DENVER (AP) -Peter Stastny didn't mean to be rude by leaving the dinner party so abruptly Tuesday night.
But time got away from the Hockey Hall of Famer and he had to rush home to watch his son, Paul, a rookie forward with the Colorado Avalanche, attempt to make team history. The father turned on the television in his St. Louis home just in time to see his son score two first-period goals, and assist on another, in Colorado's 4-3 win over Calgary.
With his three-point night, Paul Stastny broke the record for most points (53) by an Avalanche rookie since the team moved to Denver. The record had belonged to Alex Tanguay, who had 51 points in 1999-2000.
"I'm usually the last one to leave a party, but I wanted to see (the record)," Peter Stastny said with a laugh.
Now the family owns two rookie records. Peter Stastny set the franchise mark of 109 points when he was a rookie for the Quebec Nordiques in 1980-81, 14 years before the team moved to Colorado.
Paul Stastny needs to average almost 2.6 points a contest over the next 22 games to catch his father.
"I'll let him have that," Paul Stastny said with a grin that's missing a front tooth.
Stastny is focused on the Avalanche's climb toward a playoff berth. The team is currently eight points behind Calgary for the last spot in the Western Conference. The Avalanche have never missed the playoffs since moving to Denver in 1995.
"I just want to come in here and help the team win," Stastny said. "If I'm putting up zero points or 20 points, if I'm helping the team in one way or another, I'll take that. The record doesn't mean nothing really. It's one of those things you look (back) upon at summer time."
Colorado coach Joel Quenneville never envisioned this type of season out of Stastny. The former University of Denver standout was a long shot to even make the roster heading into training camp. But he had a great preseason and earned a spot.
Stastny has 21 goals, becoming just the third Colorado rookie to score more than 20 goals in a season.
"He's been great from the outset," Quenneville said. "You watch the things he does and it's pretty amazing that a young kid has that sense with and without the puck. His positioning is pretty amazing."
Stastny has a knack for being in the right place - specifically in front of the net, knocking loose pucks. That's why he's third in goals among NHL rookies. He's also third in points. Fellow teammate and rookie Wojtek Wolski is fourth in points with 40, but is out for at least one more game with a concussion.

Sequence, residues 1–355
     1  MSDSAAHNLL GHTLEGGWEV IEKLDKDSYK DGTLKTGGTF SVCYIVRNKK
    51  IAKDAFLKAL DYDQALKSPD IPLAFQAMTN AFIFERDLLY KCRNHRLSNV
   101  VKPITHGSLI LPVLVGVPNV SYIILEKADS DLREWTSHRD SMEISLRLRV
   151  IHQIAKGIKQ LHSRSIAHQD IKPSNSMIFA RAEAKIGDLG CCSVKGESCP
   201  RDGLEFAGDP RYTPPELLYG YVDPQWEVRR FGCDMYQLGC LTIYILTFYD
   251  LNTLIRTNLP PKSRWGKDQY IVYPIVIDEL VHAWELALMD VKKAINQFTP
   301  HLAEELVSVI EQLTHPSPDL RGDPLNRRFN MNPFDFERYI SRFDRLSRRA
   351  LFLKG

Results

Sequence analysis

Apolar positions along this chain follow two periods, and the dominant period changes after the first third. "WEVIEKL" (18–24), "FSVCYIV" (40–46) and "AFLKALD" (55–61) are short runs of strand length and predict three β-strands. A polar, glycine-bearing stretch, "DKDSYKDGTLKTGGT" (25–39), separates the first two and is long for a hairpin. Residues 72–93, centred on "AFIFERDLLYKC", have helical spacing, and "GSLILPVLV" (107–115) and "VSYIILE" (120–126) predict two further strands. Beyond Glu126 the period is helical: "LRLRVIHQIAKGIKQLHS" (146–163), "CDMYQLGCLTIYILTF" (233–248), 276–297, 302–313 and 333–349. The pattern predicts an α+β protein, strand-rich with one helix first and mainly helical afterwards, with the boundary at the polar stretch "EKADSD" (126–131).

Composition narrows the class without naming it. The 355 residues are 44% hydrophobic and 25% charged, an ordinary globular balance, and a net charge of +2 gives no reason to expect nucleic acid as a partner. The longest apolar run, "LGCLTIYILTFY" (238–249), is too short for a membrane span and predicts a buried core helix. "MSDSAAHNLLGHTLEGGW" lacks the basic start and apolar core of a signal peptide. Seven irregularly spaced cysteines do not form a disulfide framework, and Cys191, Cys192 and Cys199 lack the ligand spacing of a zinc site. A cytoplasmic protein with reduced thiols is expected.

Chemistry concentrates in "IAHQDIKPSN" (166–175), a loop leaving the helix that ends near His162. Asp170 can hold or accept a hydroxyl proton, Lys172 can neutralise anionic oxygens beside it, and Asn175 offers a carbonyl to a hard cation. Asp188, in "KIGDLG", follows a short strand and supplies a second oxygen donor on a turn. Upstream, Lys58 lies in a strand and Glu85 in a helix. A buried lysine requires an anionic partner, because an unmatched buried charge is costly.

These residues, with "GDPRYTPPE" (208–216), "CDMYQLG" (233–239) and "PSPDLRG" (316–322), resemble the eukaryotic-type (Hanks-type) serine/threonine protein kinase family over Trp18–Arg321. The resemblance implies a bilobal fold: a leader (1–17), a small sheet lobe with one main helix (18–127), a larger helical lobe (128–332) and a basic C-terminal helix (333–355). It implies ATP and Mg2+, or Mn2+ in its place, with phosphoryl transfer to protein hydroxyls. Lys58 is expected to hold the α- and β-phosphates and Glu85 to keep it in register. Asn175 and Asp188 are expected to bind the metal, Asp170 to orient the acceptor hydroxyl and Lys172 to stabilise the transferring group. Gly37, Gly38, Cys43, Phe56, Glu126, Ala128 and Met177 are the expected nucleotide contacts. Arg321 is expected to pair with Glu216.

"(Paul) plays with a lot of smarts," defender John-Michael Liles said. "He's a great kid with a great attitude."
Now if his teammates could only get him to do something about that missing front tooth. The gap, though, is a source of pride. He lost the tooth when he took a stick to the face at a world junior hockey camp.
He won't even put the tooth in when he ventures out with his friends.
"I've only seen him wear his (artificial) tooth once or twice," Liles said. "We've got to beg him to put gel in his hair. It gets a little embarrassing. His heart is in the right place. He's a happy-go-lucky kid."
Peter Stastny had reservations before the start of the season. He was a little nervous as Paul made the leap from the DU Pioneers straight to the Avalanche, with no stop in the minors for seasoning in between.
But Joe Sakic alleviated those fears when the father walked through the locker room one day. Sakic, who was mentored by the elder Stastny when he was a rookie, pulled the father to the side. He simply told him the kid was good and could hold his own.
"I knew he could play, but you never know," Peter Stastny said. "Joe said, 'He didn't make the team because he's your son. He deserved to make the team.' That's a good thing to hear. He's with a great group of guys who put him in a position to showcase his talent. He's done better than I could dream."
The Stastnys talked about their rookie records when Paul called Wednesday afternoon.
"We've got all the rookie records in the family," Peter Stastny said with a hearty laugh. "One for senior and one for junior."